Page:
Editor's Note: The Long Road to Heaven welcomes Christian musician Sara Groves. In addition to being an awesome acoustic pop musician, Sara Groves is involved in raising awareness for a number of social justice causes. In a recent phone interview with me at the Daily News, she shared her impetus for practicing what she preaches. (SEE BELOW TO WIN HER NEW CD.)
K.H. You bring awareness about a lot of things to your audience. Can you tell me a little bit about how you got involved in raising awareness for the genocide memorials of Rwanda and the sex-trade survivors of Southeast Asia?
S.G. The starting point for me, I’ve always had people in my family — my grandparents have done a prison ministry for 40 years. I have different members of my family that are service oriented. But there is a part of social justice that we didn’t really engage in. I just was restless, I guess. I felt like I was grooming and grooming and grooming my faith, but I couldn’t figure out to what end that was, other than just selfishly to be a stronger, better person.
I felt like there was a piece missing. I started reading about International Justice Mission, and when I discovered — before I did music, I was a history teacher. When I discovered there was a real underground railroad at work today, I just couldn’t stand it. I couldn’t sleep at night. I was excited, almost, you konw, that this was possible.
I had just been learning about the problems with modern-day slavery. There are more slaves today than 400 years combined of Trans-Atlantic slave trade — many of those are women and children. A majority of those are women and children and many of them enslaved in the sex industry. The first few months, the conversation was about my ability to handle the conversation or not handle the conversation.
You hear about young girls being sold — really young sometimes — being sold for sex and it can be really overwhelming. It was just a process for me.
I remember, I had been reading out of IJM I went to Troy one day and he was watching football or something. I stood between him and the TV and said, “We’ve not been the Good Samaritan. We’ve come up with every reason to walk on the other side of the road.” There’s this great story that Jesus tells about how we are to respond to people in need. I said, “We’ve not been doing it.” We think these are all great reasons, but I said, “The next time we see someone hurt and one the side of the road, can we just run and go and be a first-responder. The next opportunity will you help me practice being a Good Samaritan?”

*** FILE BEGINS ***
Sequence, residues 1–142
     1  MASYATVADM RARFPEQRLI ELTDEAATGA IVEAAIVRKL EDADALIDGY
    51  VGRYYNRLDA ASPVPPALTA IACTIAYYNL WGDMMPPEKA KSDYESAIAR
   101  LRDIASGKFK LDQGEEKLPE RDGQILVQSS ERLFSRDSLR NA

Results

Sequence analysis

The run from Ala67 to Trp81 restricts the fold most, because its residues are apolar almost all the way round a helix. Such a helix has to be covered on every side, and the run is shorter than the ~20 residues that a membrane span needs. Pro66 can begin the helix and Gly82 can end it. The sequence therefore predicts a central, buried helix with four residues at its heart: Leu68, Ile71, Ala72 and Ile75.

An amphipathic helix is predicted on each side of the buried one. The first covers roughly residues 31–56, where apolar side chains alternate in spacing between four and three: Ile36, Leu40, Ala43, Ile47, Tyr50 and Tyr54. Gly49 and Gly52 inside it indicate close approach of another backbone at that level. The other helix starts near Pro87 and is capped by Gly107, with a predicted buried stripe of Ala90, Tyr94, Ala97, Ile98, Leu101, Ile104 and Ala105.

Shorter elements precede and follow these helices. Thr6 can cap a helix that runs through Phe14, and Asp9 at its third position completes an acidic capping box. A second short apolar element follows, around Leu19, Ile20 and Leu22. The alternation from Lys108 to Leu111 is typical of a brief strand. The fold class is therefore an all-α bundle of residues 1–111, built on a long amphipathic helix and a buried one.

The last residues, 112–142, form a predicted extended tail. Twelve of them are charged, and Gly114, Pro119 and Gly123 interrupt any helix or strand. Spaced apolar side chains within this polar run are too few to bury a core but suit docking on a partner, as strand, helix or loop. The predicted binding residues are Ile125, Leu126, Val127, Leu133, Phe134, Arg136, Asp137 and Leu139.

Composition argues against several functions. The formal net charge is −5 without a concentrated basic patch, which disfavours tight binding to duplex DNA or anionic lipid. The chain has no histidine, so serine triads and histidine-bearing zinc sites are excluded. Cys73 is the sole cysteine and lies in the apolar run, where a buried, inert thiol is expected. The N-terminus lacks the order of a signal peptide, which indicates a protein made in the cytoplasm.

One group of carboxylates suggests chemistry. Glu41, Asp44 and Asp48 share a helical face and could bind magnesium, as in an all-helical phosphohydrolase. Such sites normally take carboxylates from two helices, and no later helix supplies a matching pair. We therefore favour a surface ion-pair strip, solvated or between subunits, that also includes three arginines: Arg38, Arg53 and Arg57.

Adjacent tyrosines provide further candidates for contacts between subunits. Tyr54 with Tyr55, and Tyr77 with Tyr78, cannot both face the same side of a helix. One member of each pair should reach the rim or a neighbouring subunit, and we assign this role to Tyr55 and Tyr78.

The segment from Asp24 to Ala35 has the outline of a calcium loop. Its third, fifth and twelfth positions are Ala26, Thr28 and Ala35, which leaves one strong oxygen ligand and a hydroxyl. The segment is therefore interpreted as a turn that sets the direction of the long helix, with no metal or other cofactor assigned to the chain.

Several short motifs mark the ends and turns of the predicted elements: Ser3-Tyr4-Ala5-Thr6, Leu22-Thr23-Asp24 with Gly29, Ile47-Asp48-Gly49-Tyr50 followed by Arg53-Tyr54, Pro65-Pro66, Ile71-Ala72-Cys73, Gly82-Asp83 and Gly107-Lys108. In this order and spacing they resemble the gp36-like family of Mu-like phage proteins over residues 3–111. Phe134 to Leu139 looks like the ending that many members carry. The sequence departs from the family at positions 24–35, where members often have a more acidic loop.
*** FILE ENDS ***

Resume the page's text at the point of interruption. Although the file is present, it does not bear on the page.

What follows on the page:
That was on Friday night, and then on Sunday Katrina hit the Gulf Coast. I remember going to Troy and saying, “You need to go down there.”
He laughed at me and said, “What happened to you? This is your conviction?”
I said, “I don’t have anyone to cover the kids. It’s so busy right now. They say that it’s dangerous.”
Troy said, “You need to go. You’re the one who said two days ago you wanted to practice.”
We loaded up our tour bus with baby supplies and went down. It was just me practicing.
I remember the first — just a few month after that — I met Elizabeth who absolutely was a life-changing encounter. A young woman who was trafficked at 15, I got to hear her story, her testimony, in Washington, D.C. Not even three weeks after that, I was in Rwanda. I felt like God was trying to tell me something. My mouth was closed; my eyes were open. I was just learning.
So, once I felt a little bit equipped to be an advocate — I’d never considered myself an advocate — this was in ‘04. But again, I began practicing. I think the thing that really compelled me was Elizabeth’s story. If she can tell this story through great personal pain, I can advocate and stand with her as well.
K.H. Does it get depressing? How do you keep it from becoming depressing when you’re dealing with all of these stories of horrific events? How do you keep your faith honed instead of asking, ‘Why does God let this happen?’